SH Spotlight 'Does anyone know where Brian Wilson mastered PET SOUNDS in 1966?" Info is here...

Discussion in 'Music Corner' started by Steve Hoffman, Jul 28, 2004.

  1. Steve Hoffman

    Steve Hoffman Your Host Your Host Thread Starter

    I got an email from a guy who knew someone who knew someone who wanted to know the answer to the above question.



    The album was mastered at Capitol, minus Brian Wilson, per the late John Kraus.

    PET SOUNDS was assembled and the ref cut at the Capitol Tower on 4/4/66 by E.F. (whoever he or she might be). The first set of parts were cut the next day (4/5/66) by E.F. and then another set was cut for the East Coast by W.T. on 4/19/66. On 4/7/66 a protection master was made (marked N.Y. copy). I can't read anything else on my Xerox copy of the original fact sheet, too faint, probably pencil lines, sorry.

    As for "LPI" (lines per inch), EQ and limiter settings, that information is unfortunately lost to time. I can tell you that according to my ears, Mr. or Ms. E.F. added about 5 db at 5K to everything, shaved off a bunch of bass (probably 10 db off at 100 cycles) and filtered the top end at 10k or even lower. The limiter was set around "medium" with something like a dynamics crunching 4:1 ratio, typical for Capitol of the time.

    Hope this helps.
     
  2. Mike Dow

    Mike Dow I kind of like the music

    Location:
    Bangor, Maine
    Perhaps this was an early Ed Feinblat job? At any rate, it does explain why the early Capitol Pet Sounds vinyl sounds less than spectaclular. Still, there is something cool about having it, holding it and knowing that it's "of the time". Thanks for the information Steve!
     
  3. indy mike

    indy mike Forum Pest

    Were Capitol albums typically frequency chopped like that back in the day? Yikes....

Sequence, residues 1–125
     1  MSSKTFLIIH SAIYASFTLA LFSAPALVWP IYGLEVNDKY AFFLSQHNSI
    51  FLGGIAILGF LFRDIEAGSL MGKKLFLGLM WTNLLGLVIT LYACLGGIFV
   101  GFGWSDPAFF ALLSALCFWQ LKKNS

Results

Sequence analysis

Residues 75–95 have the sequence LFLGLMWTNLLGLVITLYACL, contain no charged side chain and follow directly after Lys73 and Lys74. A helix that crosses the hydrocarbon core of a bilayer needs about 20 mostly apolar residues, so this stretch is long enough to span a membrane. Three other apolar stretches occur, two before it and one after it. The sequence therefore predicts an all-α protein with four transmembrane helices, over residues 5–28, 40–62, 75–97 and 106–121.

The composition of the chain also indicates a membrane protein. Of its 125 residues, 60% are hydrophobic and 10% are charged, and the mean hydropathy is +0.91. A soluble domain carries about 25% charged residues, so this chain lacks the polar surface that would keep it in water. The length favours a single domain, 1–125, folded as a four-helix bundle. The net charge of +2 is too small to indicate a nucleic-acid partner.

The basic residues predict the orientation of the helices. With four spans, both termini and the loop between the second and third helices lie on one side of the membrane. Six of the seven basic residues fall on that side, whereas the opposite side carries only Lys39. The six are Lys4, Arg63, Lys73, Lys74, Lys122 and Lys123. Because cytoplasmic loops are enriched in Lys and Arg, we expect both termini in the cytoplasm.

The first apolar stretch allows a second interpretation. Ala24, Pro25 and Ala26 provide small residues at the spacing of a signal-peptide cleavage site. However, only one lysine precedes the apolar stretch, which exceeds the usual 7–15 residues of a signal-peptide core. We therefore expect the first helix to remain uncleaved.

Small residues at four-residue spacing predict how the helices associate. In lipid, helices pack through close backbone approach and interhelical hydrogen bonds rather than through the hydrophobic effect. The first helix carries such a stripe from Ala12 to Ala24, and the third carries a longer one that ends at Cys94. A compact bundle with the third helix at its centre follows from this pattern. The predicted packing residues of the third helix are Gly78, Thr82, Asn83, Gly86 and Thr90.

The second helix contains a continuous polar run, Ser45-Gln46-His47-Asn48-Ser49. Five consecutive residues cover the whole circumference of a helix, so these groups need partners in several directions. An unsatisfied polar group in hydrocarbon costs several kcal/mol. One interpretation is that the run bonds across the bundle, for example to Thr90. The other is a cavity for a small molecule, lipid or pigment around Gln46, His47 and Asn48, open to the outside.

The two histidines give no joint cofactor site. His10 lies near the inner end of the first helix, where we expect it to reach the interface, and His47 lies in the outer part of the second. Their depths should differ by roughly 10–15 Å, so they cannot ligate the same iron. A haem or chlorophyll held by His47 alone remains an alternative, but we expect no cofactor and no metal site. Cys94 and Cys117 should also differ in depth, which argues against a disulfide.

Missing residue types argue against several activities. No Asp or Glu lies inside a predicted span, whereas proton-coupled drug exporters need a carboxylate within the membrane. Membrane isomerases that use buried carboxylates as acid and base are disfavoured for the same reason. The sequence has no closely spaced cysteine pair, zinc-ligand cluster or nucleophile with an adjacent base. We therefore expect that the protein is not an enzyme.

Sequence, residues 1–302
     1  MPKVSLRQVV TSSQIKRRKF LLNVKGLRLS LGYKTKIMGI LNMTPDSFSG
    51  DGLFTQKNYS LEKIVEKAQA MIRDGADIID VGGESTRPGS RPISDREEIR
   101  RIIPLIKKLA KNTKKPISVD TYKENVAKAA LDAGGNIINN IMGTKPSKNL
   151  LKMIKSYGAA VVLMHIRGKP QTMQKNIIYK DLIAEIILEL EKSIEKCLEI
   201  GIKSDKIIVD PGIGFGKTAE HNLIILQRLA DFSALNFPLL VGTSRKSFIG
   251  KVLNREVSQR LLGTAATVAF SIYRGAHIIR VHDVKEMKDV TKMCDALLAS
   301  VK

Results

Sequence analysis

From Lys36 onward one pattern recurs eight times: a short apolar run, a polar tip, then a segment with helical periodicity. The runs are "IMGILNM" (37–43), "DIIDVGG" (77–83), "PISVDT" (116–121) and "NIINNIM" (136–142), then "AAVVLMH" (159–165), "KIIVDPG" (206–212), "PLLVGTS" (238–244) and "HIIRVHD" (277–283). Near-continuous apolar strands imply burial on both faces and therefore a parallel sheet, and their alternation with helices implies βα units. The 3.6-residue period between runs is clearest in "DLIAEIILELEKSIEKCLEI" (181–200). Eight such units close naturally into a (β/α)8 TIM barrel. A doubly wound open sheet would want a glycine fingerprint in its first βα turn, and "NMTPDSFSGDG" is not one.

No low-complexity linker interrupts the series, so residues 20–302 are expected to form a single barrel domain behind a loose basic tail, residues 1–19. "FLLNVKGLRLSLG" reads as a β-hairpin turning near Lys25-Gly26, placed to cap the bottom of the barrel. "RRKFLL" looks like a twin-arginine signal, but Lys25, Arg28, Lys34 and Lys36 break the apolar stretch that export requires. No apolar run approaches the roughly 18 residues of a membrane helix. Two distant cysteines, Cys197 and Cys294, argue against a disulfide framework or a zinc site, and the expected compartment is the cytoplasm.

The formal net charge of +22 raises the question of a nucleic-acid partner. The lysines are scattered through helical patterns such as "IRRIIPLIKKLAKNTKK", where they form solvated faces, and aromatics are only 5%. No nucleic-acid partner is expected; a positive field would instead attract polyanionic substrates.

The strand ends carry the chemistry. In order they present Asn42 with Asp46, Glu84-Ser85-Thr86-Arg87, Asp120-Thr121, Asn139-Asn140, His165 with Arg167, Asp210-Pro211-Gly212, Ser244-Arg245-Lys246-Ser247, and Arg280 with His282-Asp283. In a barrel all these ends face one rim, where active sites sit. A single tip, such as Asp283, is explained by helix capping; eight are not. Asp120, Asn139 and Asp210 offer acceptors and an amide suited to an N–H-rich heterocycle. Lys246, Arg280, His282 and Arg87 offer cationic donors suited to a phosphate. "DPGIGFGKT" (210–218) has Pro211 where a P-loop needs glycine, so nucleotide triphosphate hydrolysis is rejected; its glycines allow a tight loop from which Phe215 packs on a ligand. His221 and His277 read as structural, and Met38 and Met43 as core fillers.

4. lennonfan

    lennonfan New Member

    Location:
    baltimore maryland
    I think the original Capitol pressings were really crap. Had this record had more life in the sound when it was first released, it might have been a bigger hit. As it was however, it sounded dull flat and lifeless. I first got into those tracks from the Capitol 45 B-sides, they sounded much better. It went from being a bad mono pressing of a mono recording to a duophonic nightmare that was the only option from '68-74 or so. It's nice as a curio the way a Capitol Beatles original is, but I still think the Fabs lps sounded better:)
     
  5. Richard Feirstein

    Richard Feirstein New Member

    Location:
    Albany, NY
    Likely it was cut with AM and pop FM radio in mind. In the early days of FM stereo high frequencies could set off the decoder in the receiver when tuned to a mono station. Low bass, especially if it was out of phase and wide dynamics worked poorly with the over active signal processing used at poorly run (make that 99%) of the radio stations out there. So do the dirty work at the cutting end and it will sound the same on the record and the radio.

    Richard.
     
  6. Sckott

    Sckott Hand Tighten Only.

    Location:
    Hyannis Ma
    The original Capitol pressings lacked a hell of a lot. Would it been a bigger hit if it were dialed in a bit? No. Most people had the worst of Hi-Fi's...